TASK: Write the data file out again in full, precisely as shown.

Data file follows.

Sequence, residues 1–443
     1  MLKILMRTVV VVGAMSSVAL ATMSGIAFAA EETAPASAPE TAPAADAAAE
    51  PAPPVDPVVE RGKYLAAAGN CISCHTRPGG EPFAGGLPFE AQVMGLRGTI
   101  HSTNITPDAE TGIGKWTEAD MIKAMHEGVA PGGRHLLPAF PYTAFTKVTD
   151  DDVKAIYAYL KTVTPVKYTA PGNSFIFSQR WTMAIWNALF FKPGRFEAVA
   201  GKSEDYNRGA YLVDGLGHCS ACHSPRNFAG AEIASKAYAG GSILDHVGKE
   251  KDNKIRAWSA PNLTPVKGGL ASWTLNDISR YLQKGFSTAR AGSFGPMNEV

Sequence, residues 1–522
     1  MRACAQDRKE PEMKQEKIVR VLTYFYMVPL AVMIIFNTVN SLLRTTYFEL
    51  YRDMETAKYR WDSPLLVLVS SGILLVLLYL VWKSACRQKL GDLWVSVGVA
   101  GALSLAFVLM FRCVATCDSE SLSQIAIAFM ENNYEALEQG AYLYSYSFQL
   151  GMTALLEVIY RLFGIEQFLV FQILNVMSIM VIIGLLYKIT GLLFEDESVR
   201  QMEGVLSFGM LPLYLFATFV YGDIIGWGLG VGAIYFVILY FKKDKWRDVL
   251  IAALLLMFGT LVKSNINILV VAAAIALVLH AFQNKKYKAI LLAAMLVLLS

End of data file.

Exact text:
Sequence, residues 1–443
     1  MLKILMRTVV VVGAMSSVAL ATMSGIAFAA EETAPASAPE TAPAADAAAE
    51  PAPPVDPVVE RGKYLAAAGN CISCHTRPGG EPFAGGLPFE AQVMGLRGTI
   101  HSTNITPDAE TGIGKWTEAD MIKAMHEGVA PGGRHLLPAF PYTAFTKVTD
   151  DDVKAIYAYL KTVTPVKYTA PGNSFIFSQR WTMAIWNALF FKPGRFEAVA
   201  GKSEDYNRGA YLVDGLGHCS ACHSPRNFAG AEIASKAYAG GSILDHVGKE
   251  KDNKIRAWSA PNLTPVKGGL ASWTLNDISR YLQKGFSTAR AGSFGPMNEV

Sequence, residues 1–522
     1  MRACAQDRKE PEMKQEKIVR VLTYFYMVPL AVMIIFNTVN SLLRTTYFEL
    51  YRDMETAKYR WDSPLLVLVS SGILLVLLYL VWKSACRQKL GDLWVSVGVA
   101  GALSLAFVLM FRCVATCDSE SLSQIAIAFM ENNYEALEQG AYLYSYSFQL
   151  GMTALLEVIY RLFGIEQFLV FQILNVMSIM VIIGLLYKIT GLLFEDESVR
   201  QMEGVLSFGM LPLYLFATFV YGDIIGWGLG VGAIYFVILY FKKDKWRDVL
   251  IAALLLMFGT LVKSNINILV VAAAIALVLH AFQNKKYKAI LLAAMLVLLS